...my wife runs a successful daycare business out of our finished basement. She's been at it for more than a decade.
Throughout most days, the lower half of our home can sound like a demolition derby at the county fair. The hopping, thumping, banging, screaming excitement of children at play. And while her patience can at times, dwindle and scatter like dust, my wife's done well for herself.
Among her team of tiny home wreckers, are a pair of girls. Sisters, ages three and a year and a half. While the other children arrive with lungs full of voice, their bodies like capsules housing pent up energy, these girls crawl onto our couch, resting quietly amidst the bedlam. Their eyes focused on Sponge Bob, or The Teletubbies.
They smile when needed. Nod their heads if offered a snack. And at times, will speak if deemed necessary. But not often.
On occasion, the older sister suffers from a tremor. It comes and goes. And while it's no longer as noticeable as it was before her scalp grew in, the one year old's head bears a flat spot behind her temple.
It's a shame the girls don't speak more than they do. For if they would, the story they could tell...
...roughly a year ago, a social worker was accompanied by a Sheriff's deputy to an apartment building. A crippled, brick triplex teetering on a foundation of crack pipes and lost souls.
They'd received a call the other day. There was a "smell" coming from room 4B. Someone thought they'd seen a kid in there.
The first knock roused the dogs. A series of growls and yipping. Pairs of claws being dragged along the lower half of the door from inside.
The second knock earned itself a curse. A male voice, pitchy but definitely from a man, hollering at the dogs to shut up, and for the knocking to cease.
It was the third knock that finally did it.
The door swung open. The social worker was prepared for her usual greeting, most times an uncomfortable confrontation with festering parents, when she found herself unable to voice a single word. Her mouth hung open in a silent scream. Nausea gripped her stomach with fists that squeezed.
At seeing the policeman, the half-naked man in the doorway simply dropped his gaze to the floor and stood back, defeated. Allowing them access inside.
Three barking mongrels, the tallest one standing no higher than one's knee, hopped in circles around the guests as if each one was clenching a bowel movement. One glance at the floor however, revealed that these dogs squatted wherever they pleased.
Without a word, the man backed up, dropped onto a sofa. It sagged under his weight, what with it already supporting his significant other. The lady was passed out under a stained blanket, a stream of drool draining from the side of her mouth.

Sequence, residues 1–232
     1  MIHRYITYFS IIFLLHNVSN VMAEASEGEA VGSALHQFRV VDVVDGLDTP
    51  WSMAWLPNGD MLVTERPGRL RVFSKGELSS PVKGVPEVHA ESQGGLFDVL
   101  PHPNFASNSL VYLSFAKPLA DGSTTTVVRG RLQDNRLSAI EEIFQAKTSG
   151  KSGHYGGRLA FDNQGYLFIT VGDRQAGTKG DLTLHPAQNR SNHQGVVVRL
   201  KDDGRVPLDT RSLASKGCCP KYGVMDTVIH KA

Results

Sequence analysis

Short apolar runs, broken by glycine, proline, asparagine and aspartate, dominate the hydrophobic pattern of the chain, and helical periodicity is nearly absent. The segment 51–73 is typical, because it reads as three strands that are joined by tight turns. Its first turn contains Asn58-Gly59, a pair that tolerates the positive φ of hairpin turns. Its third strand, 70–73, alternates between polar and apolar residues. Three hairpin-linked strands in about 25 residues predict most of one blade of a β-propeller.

The apartment smelled of dope and animal feces. Small piles they stepped over en route to the bedroom. Where they found the girl.
She was wearing a diaper and nothing more. Crawling through what the dogs had left behind, some of it smeared on her face, the rest of it coating her arms and legs like grass stains on a used pair of jeans. Her full diaper dragged along the floor as she crawled. And when she saw them, she stopped, tilted her head to the side, and watched them. Curious.
It wasn't until they were leaving, before the little girl finally spoke. Clinging to the trembling social worker as they approached the exit, the girl reached back the way they'd come and said, "Sissy."
The social worker froze in her tracks. She looked from the girl in her arms, to the man on the couch, now handcuffed, the child's mother just now waking up, offering the nearby cop a yawn. Without a word, the man nodded toward the hallway, to the spare bedroom.
They found the girl's little sister in the closet. She was strapped into a car seat. And she'd been there a while. So long in fact, that one side of her head had a flat spot on it from supporting its weight against the side of the plastic carrier.
Just a baby, her arms were a set of twigs, pale flesh gathering around her elbows. A set of chapped lips parted a bit upon noticing the social worker, but no sound left her mouth. Her eyes were once blue, but had faded to a shade of gray. Purple bruises outlined her sockets as if she'd barely survived a fist fight. The battle she was fighting was not one of violence however, but rather neglect. She was dying of starvation, as her parents sat on the couch in the next room, getting high.
The social worker, a longtime veteran of the cause, dropped to her knees upon a floor littered in unspeakable filth, and cried.
...a year has passed. In a week the sisters will find themselves in a courtroom, the final papers regarding their adoption to a nice couple a mile or so down the road from us, will be signed. Their rescue made official.
They still don't talk much, those two. But eventually they will. And when they do, such stories they will tell...
Thanks for reading...